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Sales tax on Internet buys could help fill budget gaps

Posted: Friday, December 27, 2002

SACRAMENTO, Calif. (AP) -- As states across the country struggle with deficits well into the billions, many officials are beginning to eye sales taxes on online shopping -- which may seem like chump change but could spare countless small government programs.

In California alone, such taxes could raise at least $200 million yearly. Nationally, local and state governments could add billions to their coffers.

''We can no longer ignore an entire segment of the retail marketplace,'' said Pat Leary, lobbyist for the California State Association of Counties and a frequent online shopper herself.

Internet shopping is expected to climb to $40 billion this year, from last year's $30 billion, according to New York-based Jupiter Research. It could reach $105 billion within five years.

This year's tally includes $10 billion for computers and accessories, $4.7 billion for clothes and $2.8 billion for books, and much of that is untaxed.

Collecting sales taxes won't be easy, though.

Under a U.S. Supreme Court decision, a state cannot force a business to collect sales taxes unless it has a physical presence, or ''nexus,'' in that state.

Without such a requirement, many online retailers balk at having to compute the hodgepodge of local and state sales taxes across the nation. Most customers, in turn, duck their duty to pay the sales tax themselves and most states don't go after them.

Though Congress could authorize states to collect these taxes for other states, lawmakers have never done so and in fact have approved a moratorium through Nov. 1, 2003, on Internet-only taxes, including a streamlined sales-tax structure that would apply only to e-commerce.

Now, the issue is taking on fresh urgency in state capitals, where last fiscal year governors collectively sliced $13 billion from state programs and are preparing to whack billions more, according to the National Governors Association.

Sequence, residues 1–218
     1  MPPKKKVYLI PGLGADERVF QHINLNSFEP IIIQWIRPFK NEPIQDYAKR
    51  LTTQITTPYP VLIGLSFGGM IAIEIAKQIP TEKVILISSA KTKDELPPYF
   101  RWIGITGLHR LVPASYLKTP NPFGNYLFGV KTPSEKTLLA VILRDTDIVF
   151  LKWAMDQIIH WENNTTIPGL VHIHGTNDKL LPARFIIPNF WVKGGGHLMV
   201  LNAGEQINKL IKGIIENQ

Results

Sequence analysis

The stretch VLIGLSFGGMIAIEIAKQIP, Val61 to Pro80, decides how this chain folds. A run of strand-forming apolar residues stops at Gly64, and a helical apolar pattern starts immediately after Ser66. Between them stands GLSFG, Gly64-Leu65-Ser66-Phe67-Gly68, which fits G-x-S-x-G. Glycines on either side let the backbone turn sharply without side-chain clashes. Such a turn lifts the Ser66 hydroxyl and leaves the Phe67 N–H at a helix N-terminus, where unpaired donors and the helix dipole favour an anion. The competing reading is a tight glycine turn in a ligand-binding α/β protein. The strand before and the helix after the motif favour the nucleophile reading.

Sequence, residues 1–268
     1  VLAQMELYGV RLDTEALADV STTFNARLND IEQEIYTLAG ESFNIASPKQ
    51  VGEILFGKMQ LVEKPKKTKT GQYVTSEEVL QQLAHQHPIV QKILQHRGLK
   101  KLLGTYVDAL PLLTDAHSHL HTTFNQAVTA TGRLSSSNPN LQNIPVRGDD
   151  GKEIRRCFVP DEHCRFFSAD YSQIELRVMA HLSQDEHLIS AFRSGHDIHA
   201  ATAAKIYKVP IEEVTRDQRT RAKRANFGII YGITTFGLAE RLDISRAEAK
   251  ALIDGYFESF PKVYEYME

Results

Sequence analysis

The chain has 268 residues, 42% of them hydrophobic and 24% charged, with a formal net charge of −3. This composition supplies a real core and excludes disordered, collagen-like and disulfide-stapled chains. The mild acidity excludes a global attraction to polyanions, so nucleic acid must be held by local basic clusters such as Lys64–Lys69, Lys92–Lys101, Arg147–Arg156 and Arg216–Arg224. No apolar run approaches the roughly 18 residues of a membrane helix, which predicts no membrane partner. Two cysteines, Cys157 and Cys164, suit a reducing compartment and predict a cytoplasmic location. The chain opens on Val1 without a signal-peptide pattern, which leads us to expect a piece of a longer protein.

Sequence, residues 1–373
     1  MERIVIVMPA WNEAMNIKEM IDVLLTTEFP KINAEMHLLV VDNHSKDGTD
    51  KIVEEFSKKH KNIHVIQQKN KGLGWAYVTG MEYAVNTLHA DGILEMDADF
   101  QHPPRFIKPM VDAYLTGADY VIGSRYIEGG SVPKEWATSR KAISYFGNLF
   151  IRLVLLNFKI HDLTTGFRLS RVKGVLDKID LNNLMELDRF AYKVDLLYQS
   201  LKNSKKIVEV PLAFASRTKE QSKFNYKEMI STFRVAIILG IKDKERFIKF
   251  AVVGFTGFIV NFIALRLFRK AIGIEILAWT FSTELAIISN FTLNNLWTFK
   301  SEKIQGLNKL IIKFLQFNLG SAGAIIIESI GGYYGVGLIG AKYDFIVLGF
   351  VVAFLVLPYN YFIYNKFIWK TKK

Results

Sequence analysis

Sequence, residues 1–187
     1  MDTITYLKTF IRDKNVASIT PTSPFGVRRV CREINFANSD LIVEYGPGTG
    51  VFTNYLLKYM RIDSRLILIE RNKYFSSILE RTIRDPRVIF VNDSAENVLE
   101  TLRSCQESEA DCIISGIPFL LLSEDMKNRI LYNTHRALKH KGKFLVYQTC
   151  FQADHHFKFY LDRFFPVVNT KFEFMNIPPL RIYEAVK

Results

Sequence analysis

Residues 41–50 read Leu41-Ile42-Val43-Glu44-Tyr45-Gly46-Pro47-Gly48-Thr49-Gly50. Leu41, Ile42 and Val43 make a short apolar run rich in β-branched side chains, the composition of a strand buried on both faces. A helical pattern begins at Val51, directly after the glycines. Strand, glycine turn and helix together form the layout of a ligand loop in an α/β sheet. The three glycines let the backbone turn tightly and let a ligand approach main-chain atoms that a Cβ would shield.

California's Legislative Analyst's office concedes the state -- which has a projected $35 billion budget deficit -- has few options if Congress doesn't change its tune.

But the state can at least force retailers with stores in California -- such as Borders and Barnes & Noble bookstores -- to collect taxes on Internet sales to state residents. Those stores currently do so for a few states, but not California.

Two years ago, when the state had a huge surplus, Gov. Gray Davis vetoed a bill with such a requirement, saying it would send the wrong message to an emerging marketing medium and robust job generator.

Now, facing a record shortfall, Internet sales taxes are among many options on his table, Davis spokeswoman Hilary McLean said.

The estimated $200 million from online sales taxes could, for instance, spare a controversial cut that has been proposed: $201.8 million in public health care for the poor. Or revenues could be spread out to reduce the magnitude of cuts in several programs.

Estimates vary widely on how much governments are losing.

One widely cited study by the University of Tennessee says states, cities and counties nationwide lost $13.3 billion in revenue last year from uncollected e-commerce sales taxes.

That's about 3 percent of total sales tax revenues that year, a percentage projected to increase to 6 percent by 2006. For a handful of states, it could approach 12 percent by 2011.

Another study, for the Utah-based Institute for State Studies, predicted annual losses up to $45 billion by 2006. By that analysis, California last year lost $1.75 billion in revenues, while Texas and New York followed with about $1 billion each.

Many states are trying to make it easier for companies to compute online sales taxes for them.

Utah Tax Commissioner R. Bruce Johnson hopes within a year that at least 10 states will create a simple, single statewide sales tax rate. He has tried to enlist Wyoming, North Dakota, Ohio, Michigan, Florida and North Carolina in his campaign.

Meanwhile, California and other states are feeling pressure to get more aggressive. One coalition of police and fire departments and local chambers of commerce has suggested the state should first collect more sales taxes before raiding city hall treasuries.

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On the Net:

University of Tennessee study: http://www.statestudies.org

California Commission on Tax Policy in the New Economy: http://www.caneweconomy.ca.gov

Survey of state efforts to simplify sales tax structures: http://www.geocities.com/streamlined2000



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